Berkshire Profile: LaFesta Baseball ExchangeBy Susan Bush
12:00AM / Sunday, June 25, 2006
Welcome to Berkshire Profile, an iberkshires weekly feature appearing on Sunday. Each week, iberkshires will highlight a Berkshires resident or entity making a contribution to the Berkshires way of life.
|Arthur Zander, 15, of Readsboro, Vt. and 13-year-old Luigi Natale of Boston participated as Lafesta Baseball Exchange team members during the weekend exchange event hosted by the North Adams contingent.|
North Adams - Luigi Natale was unable to conceal his delight.
"I've Been Waiting For This"
Natale, 13, was among the Boston Babe Ruth League's "North End Dodgers" players who traveled to the city on June 23 for the LaFesta Baseball Exchange. The game was scheduled to begin at 7 p.m. at Joe Wolfe field; the members of both exchange teams spent part of the afternoon at a catered cook-out at Windsor Lake.
The Noel Field athletic complex and the baseball diamond drew raves from Luigi.
"It's beautiful!" he said. "And we are going to play in that stadium, and they call your name at the game. I've been waiting for this. It's a tradition."
The young man from Boston's North End acknowledged the many amenities of the downtown Holiday Inn, where the team players stayed during the junket, and the beauty of the Northern Berkshire region.
LaFesta Baseball Exchange organizer George Canales of North Adams received an affectionate greeting from Laurie Delia of Boston's "North End Against Drugs" group.
And there was something else Luigi noticed.
"It's different here," he said. "They got Yankees stuff here."
As he spoke, Luigi was surrounded by youth between 13 and 15 years old, all involved in a pick-up football or basketball game. The recreational teams were each comprised of North Adams and Boston youth, who mixed and mingled as though they'd known each other for years.
Arthur Zander, a 15-year-old from Readsboro, Vt., who participates with the city's Babe Ruth baseball program, summed up his feelings about the exchange.
"It's pretty sweet," he said.
A Big Event
Carl Ameno has served as the North End exchange team coach since the event began 16 years ago.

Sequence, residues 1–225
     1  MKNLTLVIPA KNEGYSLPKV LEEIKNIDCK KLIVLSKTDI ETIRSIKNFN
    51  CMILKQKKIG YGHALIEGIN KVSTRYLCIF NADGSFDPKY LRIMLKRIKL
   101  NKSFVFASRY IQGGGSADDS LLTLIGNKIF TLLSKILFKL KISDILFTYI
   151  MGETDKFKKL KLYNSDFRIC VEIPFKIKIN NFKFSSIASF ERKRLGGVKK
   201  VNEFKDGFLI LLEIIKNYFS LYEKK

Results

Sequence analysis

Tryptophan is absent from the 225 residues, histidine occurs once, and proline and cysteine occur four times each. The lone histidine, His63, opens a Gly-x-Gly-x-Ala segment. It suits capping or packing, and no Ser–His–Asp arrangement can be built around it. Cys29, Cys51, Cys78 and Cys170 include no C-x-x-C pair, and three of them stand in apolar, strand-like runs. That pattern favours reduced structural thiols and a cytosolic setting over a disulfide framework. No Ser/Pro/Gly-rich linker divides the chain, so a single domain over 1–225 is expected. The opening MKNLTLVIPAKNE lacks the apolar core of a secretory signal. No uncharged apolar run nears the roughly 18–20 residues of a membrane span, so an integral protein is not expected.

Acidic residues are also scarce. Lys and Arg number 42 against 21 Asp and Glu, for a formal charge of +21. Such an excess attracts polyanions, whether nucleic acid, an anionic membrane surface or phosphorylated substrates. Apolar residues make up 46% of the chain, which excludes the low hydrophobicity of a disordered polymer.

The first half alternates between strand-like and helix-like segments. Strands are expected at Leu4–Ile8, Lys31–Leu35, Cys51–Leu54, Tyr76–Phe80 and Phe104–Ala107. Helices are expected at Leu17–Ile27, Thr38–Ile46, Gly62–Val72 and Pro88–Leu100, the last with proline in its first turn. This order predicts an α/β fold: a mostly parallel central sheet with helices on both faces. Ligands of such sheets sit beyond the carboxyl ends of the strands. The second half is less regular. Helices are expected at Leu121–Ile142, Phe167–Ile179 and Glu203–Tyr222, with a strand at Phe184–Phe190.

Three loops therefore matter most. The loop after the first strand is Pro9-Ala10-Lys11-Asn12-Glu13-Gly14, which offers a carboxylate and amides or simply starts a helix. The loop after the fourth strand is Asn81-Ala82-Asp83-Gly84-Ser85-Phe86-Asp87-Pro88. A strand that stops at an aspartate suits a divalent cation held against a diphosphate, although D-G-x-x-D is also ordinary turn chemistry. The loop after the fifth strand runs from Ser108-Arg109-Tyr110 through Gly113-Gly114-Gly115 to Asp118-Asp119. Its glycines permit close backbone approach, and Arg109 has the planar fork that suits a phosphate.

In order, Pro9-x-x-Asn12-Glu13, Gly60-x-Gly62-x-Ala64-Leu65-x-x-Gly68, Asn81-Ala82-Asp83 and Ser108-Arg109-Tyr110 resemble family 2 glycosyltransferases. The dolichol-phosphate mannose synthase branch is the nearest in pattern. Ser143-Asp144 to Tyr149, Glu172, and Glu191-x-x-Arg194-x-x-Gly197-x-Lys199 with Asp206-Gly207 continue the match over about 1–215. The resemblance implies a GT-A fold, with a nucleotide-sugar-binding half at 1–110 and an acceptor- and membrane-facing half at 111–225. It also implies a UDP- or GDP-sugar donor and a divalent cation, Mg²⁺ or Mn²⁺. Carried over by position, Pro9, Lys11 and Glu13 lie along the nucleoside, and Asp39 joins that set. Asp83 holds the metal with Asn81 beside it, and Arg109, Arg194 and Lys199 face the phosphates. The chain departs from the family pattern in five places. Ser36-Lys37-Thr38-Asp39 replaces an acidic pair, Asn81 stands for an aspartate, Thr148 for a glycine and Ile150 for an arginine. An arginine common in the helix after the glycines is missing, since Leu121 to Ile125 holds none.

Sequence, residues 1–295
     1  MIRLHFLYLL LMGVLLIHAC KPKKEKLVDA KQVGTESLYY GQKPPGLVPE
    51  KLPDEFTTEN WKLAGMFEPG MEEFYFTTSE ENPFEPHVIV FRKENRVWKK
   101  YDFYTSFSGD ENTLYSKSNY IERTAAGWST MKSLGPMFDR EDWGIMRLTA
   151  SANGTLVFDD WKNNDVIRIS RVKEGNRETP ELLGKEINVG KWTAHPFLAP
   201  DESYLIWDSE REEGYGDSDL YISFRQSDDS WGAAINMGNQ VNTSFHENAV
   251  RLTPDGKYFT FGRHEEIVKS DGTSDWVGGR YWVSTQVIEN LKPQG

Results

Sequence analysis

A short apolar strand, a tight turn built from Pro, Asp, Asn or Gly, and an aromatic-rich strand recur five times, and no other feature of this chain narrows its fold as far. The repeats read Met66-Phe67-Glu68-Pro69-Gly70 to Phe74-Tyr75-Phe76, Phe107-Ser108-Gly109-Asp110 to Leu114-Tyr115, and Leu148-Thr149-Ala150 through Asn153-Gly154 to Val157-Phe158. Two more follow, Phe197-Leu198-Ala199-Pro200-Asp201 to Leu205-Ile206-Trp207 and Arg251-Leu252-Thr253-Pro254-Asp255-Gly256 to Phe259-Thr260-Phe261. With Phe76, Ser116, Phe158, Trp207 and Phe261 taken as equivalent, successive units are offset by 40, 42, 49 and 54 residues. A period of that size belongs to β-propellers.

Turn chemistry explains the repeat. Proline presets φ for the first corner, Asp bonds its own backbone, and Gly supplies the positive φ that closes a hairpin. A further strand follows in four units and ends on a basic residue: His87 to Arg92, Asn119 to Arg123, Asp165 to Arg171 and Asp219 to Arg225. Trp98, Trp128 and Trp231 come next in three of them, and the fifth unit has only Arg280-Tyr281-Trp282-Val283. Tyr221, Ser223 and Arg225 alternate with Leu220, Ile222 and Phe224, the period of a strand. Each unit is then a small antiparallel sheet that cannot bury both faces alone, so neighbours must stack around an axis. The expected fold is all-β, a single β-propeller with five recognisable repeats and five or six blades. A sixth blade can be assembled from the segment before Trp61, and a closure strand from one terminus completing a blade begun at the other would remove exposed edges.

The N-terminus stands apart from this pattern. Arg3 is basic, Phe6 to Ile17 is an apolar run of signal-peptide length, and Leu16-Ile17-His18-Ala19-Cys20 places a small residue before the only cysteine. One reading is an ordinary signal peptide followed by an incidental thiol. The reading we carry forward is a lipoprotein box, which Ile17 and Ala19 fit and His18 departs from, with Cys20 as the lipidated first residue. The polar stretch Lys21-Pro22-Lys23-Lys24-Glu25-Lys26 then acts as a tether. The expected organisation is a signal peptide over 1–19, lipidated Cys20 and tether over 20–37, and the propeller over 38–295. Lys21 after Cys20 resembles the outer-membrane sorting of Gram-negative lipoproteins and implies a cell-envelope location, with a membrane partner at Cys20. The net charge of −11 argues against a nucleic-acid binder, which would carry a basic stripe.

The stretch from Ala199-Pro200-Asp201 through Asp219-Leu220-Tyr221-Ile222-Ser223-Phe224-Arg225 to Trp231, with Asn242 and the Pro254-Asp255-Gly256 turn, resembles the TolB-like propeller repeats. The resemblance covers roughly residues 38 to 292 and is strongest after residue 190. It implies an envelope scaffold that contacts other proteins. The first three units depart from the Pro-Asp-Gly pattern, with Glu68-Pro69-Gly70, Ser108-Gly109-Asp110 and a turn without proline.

"The kids look forward to this year to year," Ameno said. "They talk about it practically year 'round. The kids who play take pride in being the team that went to North Adams that year."
Ameno said that he wouldn't mind if another North End coach wanted to experience the exchange but emphasized that he is not likely to suspend his own involvement unless another coach makes a firm commitment to the program.
"I would never want to not come as coach and be the reason this didn't happen," he said. "I really don't want to let these kids down. This is something they talk and talk about."
City coach Jason Card agreed with Ameno.
"This is a big event for the kids," he said.
A Common Bond
Ameno, North End exchange organizer John Romano, city residents George Canales, John Lipa, and Anthony Abuisi and Abuisi's long-time friend Joe Sgarano of Boston, are the exchange founders. Boston's North End is renowned for its' many feasts and festivals, and Lipa, Canales, and Abuisi were in the midst of planning city-based LaFesta, also called JuneFest, activities [a former city event]during 1990.
standing from left, George Canales, John Romano, John Lipa, and Carl Ameno. Kneeling, Jason Canales and George Beckwith
The LaFesta organizers sought assistance from North End folks, a group that included Sgarano, and both contingents were interested in developing ways to involve the youth of each area. Through discussions, the exchange was created, said Canales.
"We figured baseball was a common bond, something kids liked," he said.